You are using an older browser version. Please use a supported version for the best MSN experience.

Sport Top Stories

Run Ayrton run: Meet the Tuatara's speedy young star

Newshub logoNewshub 6/12/2018 Henry Rounce
a man wearing a hat: Speedy Tuatara pinch runner Ayrton Laird. © Image: Newshub; Video: Newshub Speedy Tuatara pinch runner Ayrton Laird.

Ayrton Laird was named after motorsport legend Ayrton Senna, but it's his racing between the bases that's got him a gig with New Zealand's first professional baseball team.

The 19-year old's become a cult hero with the Auckland Tuatara and his  rise to stardom doesn't yet nvolve a bat or a ball.

Laird made history last month, sprinting home to secure the Tuatara's first win in franchise history.

Download the Microsoft News app for your Android or iPhone device and stay up-to date on the news you care about most.

"I knew it went past the third baseman and I was like I got this easy, I ran quickly for like the first ten metres and then I slowed down a little bit, just seeing all the boys come was great," Laird told Newshub.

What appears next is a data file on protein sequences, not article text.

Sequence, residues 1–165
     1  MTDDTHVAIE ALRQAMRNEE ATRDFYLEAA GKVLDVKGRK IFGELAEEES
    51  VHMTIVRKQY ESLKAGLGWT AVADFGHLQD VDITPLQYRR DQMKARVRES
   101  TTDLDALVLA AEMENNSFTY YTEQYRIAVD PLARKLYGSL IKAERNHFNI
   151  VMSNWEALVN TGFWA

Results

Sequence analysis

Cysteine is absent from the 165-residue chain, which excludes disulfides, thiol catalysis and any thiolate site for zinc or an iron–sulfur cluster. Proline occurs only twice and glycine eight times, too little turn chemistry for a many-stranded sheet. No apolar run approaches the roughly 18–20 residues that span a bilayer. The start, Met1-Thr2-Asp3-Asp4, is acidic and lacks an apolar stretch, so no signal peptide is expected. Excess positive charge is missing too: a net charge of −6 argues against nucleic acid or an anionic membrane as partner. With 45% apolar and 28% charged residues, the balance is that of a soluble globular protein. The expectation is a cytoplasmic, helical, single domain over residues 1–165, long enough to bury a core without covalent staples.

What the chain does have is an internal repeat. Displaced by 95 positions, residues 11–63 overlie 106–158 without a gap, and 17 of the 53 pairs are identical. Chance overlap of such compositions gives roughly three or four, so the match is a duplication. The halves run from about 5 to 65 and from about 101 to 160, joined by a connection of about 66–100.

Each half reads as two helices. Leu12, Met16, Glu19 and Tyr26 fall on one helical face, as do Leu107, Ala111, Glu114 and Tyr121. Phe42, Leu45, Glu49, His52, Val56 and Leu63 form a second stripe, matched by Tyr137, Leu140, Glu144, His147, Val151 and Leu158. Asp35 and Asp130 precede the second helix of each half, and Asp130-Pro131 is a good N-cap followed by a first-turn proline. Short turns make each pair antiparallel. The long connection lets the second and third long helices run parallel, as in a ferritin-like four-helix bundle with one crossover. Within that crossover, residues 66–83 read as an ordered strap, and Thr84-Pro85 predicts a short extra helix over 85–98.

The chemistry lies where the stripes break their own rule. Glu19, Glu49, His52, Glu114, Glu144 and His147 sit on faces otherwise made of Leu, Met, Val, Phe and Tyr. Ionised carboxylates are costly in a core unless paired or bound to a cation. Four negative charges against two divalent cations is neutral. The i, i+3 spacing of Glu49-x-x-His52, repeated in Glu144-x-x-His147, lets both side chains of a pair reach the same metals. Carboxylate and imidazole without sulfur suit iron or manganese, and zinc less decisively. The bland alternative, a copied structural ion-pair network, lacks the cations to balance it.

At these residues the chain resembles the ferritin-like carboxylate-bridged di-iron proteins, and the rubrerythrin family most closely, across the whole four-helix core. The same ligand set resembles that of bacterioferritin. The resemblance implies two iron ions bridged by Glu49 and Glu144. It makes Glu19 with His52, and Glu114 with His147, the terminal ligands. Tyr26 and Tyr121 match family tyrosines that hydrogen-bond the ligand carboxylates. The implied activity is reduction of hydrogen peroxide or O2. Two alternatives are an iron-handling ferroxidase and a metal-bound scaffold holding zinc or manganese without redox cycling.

Laird occupies the unlikely role of pinch runner for the Tuatara as he spends time as part of the development squad during the debut season.

Laird's speed is an asset team management couldn't ignore.

"You dream about hitting a home run, but probably for me, a speed guy, that's one of the best just doing it by yourself, doing it with your legs – it's something I'm good at," he said.

But his legs almost cost him his place in the Australian Baseball League.

Less than 24 hours away from the Tuatara's Auckland trial, Laird pulled his hamstring while running sprints with a few of his mates.

"I was running, got halfway down, felt a pop and I was like damn, the trial was the next the next day, aaargh, this is pretty much it for me."

But his talent was already on the Tuatara radar so he was granted a spot in the rookie squad.

With his hamstring healed he's now waiting to show the Tuatara what else he can bring.

"I'm not quite ready to start right now, but hopefully in a few more years when I gain experience and get better, hopefully, I'll be out there."

The pinch-running project player already a cult hero with kids now asking for autographs.  

"Friends are giving me shit for it and stuff because they've been seeing it on Facebook and stuff like that."

Ayrton Laird taking his new-found fame in his stride.

More From Newshub

image beaconimage beaconimage beacon